In the Belly of the Physicisti"To quale is too tense a verb to parse", Gershon Maller , single work poetry
Poem with Its Throat Cuti"I think, therefore, I am curious", Gershon Maller , single work poetry
North, Oliver Wakelin , single work prose
Dark Arts : Keeping Company with Witch’s Eggs and Devil’s Fingers, Julie Vulcan , single work prose
And the Process Perplexed Them, Peter Nash , single work prose

'It was an ongoing nightmare. The writers could not agree. One considered character, plot, and outline, paramount. The other could not have cared less: to hell with constraint; the only thing convention appeared to achieve was discombobulate creativity even as it emerged. At this point the writer allegiant to protocol proffered a solution. He suggested putting their words on the line. To wit, write a story illustrating nuance. That is to say, a tale contrived accordant to their preferred methodology…' (Introduction)   

The Imp in Imperfection, Conor Ross , single work prose
Creating Hurricanes through Thought, Doris Pushpam , single work review
— Review of The Thinking Woman Julienne Van Loon , 2019 single work autobiography ;

'The Cartesian dictum ‘Cogito Ergo Sum’, I think, therefore I am, states that the proof of our existence lies in our ability to contemplate our existence, to doubt, to think. Julienne van Loon in The Thinking Woman forces us to confront this notion as part of a six-chapter, part memoir, part study of philosophical thought. With the help of six women prolific in their fields of study, van Loon critically interrogates thought, the importance of the act of thinking, and what it means for our existence. She starts with a chapter titled ‘Love’, followed by ‘Play’, ‘Work’, ‘Fear’, ‘Wonder’, and ‘Friendship’. Each is an amalgam of van Loon’s lived experiences and her intellectual engagement with the ideas of women thinkers including Laura Kipnis, professor of media studies at Northwestern University in Chicago, novelist Siri Hustvedt, socialist feminist Nancy Holmstrom, French feminist and structuralist philosopher Julia Kristeva, psychoanalyst and feminist critic, Marina Warner, and the cultural historian Rosi Braidotti. This polyvocal discourse leaves the reader with a wholesome and new understanding of the dynamics of life.' (Introduction)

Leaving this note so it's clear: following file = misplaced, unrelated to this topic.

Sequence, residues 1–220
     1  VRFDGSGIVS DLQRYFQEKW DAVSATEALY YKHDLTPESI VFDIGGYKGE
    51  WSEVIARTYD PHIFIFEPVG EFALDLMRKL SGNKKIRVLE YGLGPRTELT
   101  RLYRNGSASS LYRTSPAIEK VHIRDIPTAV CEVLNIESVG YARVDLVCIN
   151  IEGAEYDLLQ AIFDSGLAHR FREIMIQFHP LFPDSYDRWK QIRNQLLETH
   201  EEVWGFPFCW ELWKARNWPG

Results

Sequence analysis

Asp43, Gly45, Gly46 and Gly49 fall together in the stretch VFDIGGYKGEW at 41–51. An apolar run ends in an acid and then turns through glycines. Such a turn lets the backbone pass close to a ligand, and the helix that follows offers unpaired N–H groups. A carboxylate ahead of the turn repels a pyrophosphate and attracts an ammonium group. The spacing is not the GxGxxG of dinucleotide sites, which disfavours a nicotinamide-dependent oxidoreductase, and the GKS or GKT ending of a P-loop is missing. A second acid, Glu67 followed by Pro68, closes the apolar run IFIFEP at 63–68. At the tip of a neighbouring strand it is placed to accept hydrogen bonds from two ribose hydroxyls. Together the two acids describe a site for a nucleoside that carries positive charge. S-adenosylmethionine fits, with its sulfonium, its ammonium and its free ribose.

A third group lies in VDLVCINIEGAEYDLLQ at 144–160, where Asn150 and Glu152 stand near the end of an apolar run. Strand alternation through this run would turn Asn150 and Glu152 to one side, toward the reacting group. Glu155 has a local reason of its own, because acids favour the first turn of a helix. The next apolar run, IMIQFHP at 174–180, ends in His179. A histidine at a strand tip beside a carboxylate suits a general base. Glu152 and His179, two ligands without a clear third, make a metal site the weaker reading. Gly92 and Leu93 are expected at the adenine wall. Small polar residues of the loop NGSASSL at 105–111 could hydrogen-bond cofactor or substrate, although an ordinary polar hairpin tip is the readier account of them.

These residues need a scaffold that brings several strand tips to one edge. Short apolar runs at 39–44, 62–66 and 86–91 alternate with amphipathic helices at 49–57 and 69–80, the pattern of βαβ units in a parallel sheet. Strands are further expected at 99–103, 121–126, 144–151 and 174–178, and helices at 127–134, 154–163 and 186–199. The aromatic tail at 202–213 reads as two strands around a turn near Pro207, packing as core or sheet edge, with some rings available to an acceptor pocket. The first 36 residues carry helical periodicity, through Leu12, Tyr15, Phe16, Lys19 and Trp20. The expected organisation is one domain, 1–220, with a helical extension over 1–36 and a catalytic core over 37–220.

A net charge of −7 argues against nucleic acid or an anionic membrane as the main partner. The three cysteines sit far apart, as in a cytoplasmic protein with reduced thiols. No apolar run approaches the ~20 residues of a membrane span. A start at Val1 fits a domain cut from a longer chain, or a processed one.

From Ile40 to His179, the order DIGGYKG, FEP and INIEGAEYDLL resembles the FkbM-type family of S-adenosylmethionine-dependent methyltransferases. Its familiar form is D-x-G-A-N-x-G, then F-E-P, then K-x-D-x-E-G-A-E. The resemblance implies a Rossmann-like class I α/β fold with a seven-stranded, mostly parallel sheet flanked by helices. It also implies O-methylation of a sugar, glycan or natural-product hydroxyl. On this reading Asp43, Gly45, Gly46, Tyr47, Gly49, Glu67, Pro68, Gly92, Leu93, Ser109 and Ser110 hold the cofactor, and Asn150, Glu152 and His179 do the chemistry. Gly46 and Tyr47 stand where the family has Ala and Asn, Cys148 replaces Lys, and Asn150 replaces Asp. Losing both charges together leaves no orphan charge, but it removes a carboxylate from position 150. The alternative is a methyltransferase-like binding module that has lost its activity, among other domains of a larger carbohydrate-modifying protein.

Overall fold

Scripted Explorations of Gender and Sexuality Offer a Rich Sense of Place, Stayci Taylor , single work review
— Review of Ghosts of Leigh Dallas J. Baker , 2017 single work drama ;
Experimental and Exegetical : Joshua Lobb’s Flock of Stories, Lynette Washington , single work review
— Review of The Flight of Birds Joshua Lobb , 2019 single work novel ;

'The Flight of Birds by Joshua Lobb, a novel in twelve stories, is accompanied by an exegetical work. As the title indicates, the stories feature birds and their interactions with people. The reader is asked, at least initially, to consider the stories purely as fictional enterprises, isolated from the ‘Field Notes’ which follow at the end of the novel component. Rightly so, as first and foremost the role of a story is to engage the reader; it needs to function as a story before any other purpose, such as exegetical insight, can be attained.' (Introduction)

Something Unforgettable, Ali Cobby Eckermann , single work review
— Review of Aboriginal Country Lisa Bellear , 2018 selected work poetry ;

Publication Details of Only Known VersionEarliest 2 Known Versions of

Last amended 15 Nov 2019 10:37:04